British legislators consider broadening hate crimes law after BNP acquittals

[JURIST] UK Chancellor Gordon Brown [official profile] called for broader race hate laws after a British jury Friday acquitted [JURIST report] two British National Party [official party website] (BNP) members Friday of inciting racial hatred. The charges stemmed from 2004 speeches in West Yorkshire, taped by the BBC, in which BNP leader Nick Griffin [BBC profile] calling Islam a "wicked, vicious faith" and senior aide Mark Collett [Wikipedia profile] referred to those seeking asylum as "a little bit like cockroaches." In February, the two men were cleared of similar charges, but the jury failed to reach a verdict on all charges [BBC report], which led to a second trial [JURIST report].

Also speaking in response to the acquittals, UK Lord Chancellor Lord Falconer told BBC Radio 4: "...we have got to demonstrate without compromising freedom that we are not [anti-Islam]." Liberal Democratic MP Evan Harris [personal website], however, warned that greater legislative restrictions could create "extremist martyrs." The 2006 Racial and Religious Hatred Act [text] makes it an offense to stir up hatred on religious grounds, but prosecutors must prove criminal intent rather than simply "recklessness." BBC News has more.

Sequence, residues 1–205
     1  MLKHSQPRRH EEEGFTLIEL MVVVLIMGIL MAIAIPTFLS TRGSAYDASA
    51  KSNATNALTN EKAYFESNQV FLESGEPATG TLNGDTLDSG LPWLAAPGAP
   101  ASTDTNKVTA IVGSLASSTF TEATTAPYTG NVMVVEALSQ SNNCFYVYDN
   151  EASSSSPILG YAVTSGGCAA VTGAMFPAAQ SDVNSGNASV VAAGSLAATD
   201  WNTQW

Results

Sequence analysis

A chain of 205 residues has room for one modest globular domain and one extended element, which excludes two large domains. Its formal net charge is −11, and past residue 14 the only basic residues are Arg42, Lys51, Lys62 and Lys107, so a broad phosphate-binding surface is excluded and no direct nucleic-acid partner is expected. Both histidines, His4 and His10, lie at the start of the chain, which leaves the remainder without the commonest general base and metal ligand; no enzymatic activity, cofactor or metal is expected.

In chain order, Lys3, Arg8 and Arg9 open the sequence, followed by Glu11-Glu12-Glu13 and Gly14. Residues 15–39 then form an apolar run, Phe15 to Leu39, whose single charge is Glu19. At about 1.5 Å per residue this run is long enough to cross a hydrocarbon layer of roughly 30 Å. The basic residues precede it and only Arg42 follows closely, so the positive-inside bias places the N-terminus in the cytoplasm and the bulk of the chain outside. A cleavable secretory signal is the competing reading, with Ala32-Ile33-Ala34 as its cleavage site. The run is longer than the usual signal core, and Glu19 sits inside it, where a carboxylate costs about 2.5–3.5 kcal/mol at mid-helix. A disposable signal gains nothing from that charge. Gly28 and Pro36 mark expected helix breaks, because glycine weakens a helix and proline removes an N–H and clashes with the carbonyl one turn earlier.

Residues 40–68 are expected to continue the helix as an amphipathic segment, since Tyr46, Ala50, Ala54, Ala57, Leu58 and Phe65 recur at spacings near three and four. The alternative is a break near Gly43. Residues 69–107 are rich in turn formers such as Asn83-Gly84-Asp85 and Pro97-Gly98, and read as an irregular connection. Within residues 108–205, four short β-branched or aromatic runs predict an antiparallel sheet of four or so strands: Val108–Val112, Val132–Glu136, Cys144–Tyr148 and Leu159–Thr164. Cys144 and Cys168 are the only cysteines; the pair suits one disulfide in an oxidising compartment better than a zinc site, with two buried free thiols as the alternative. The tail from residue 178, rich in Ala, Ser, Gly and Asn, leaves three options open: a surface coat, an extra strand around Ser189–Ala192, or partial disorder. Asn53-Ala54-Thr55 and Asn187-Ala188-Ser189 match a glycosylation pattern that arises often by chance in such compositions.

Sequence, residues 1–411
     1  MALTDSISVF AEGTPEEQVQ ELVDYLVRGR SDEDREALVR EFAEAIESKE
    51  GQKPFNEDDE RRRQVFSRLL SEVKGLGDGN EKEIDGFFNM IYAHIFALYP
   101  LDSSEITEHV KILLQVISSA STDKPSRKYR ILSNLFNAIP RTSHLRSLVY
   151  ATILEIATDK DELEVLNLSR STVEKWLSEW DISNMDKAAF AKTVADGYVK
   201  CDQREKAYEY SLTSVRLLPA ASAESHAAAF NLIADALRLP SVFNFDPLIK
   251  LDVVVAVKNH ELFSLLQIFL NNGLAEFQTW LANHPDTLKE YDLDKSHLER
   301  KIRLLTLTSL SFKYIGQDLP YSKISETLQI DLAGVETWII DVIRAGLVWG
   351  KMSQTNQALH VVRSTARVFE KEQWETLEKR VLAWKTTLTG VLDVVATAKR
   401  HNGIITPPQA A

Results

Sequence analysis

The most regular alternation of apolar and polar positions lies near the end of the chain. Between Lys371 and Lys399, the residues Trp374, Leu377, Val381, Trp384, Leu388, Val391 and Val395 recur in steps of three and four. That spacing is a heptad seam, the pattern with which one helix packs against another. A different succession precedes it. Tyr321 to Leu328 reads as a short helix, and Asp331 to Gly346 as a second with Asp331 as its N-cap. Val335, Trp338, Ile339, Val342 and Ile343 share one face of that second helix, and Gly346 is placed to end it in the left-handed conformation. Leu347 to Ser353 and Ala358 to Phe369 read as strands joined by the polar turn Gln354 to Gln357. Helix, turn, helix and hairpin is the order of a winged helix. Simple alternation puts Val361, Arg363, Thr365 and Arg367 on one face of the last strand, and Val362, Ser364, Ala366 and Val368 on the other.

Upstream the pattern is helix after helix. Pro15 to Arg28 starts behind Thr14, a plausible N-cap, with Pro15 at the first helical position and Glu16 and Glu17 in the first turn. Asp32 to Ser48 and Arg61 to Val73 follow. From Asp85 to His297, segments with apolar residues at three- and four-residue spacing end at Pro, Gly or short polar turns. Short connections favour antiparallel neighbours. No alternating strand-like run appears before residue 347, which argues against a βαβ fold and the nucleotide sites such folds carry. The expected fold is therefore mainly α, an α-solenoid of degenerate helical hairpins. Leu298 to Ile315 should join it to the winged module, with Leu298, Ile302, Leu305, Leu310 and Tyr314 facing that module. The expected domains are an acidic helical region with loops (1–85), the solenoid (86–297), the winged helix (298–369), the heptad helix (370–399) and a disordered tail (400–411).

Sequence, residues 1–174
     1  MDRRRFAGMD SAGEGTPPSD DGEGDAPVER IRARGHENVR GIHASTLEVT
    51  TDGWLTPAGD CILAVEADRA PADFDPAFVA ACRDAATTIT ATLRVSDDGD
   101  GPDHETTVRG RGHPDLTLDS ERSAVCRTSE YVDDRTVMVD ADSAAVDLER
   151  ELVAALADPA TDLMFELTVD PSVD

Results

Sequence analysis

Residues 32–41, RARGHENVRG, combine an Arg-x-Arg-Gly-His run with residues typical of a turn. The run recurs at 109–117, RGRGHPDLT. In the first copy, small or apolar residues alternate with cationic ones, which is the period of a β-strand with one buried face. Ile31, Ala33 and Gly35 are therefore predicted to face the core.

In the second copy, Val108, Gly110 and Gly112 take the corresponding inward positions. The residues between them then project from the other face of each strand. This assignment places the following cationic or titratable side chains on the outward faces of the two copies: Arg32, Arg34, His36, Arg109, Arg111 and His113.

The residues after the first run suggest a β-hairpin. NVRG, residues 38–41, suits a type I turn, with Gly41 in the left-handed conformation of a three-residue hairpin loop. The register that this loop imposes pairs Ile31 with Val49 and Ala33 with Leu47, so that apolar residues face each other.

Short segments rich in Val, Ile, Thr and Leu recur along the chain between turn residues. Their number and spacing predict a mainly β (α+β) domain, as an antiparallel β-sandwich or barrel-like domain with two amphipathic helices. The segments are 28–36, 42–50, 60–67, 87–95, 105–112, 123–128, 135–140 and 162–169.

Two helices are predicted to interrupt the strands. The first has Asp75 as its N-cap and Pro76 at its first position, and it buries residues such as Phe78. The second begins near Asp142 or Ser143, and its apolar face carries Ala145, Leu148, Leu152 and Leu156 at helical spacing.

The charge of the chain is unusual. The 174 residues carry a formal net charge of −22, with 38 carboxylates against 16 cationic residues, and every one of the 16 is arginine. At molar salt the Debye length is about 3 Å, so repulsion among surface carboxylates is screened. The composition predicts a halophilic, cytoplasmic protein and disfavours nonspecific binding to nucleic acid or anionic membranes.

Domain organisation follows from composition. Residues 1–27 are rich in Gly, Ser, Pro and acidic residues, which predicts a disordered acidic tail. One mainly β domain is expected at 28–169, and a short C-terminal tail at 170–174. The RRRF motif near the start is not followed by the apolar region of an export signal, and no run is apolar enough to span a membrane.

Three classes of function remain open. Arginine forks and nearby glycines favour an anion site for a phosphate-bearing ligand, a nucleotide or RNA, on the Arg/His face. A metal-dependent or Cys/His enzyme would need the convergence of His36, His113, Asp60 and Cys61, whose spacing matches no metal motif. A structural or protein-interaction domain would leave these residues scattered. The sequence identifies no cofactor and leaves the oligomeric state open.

About Paper Chase

Paper Chase is JURIST's real-time legal news service, powered by a team of 30 law student reporters and editors led by law professor Bernard Hibbitts at the University of Pittsburgh School of Law. As an educational service, Paper Chase is dedicated to presenting important legal news and materials rapidly, objectively and intelligibly in an accessible format.

© Copyright JURIST Legal News and Research Services, Inc., 2013.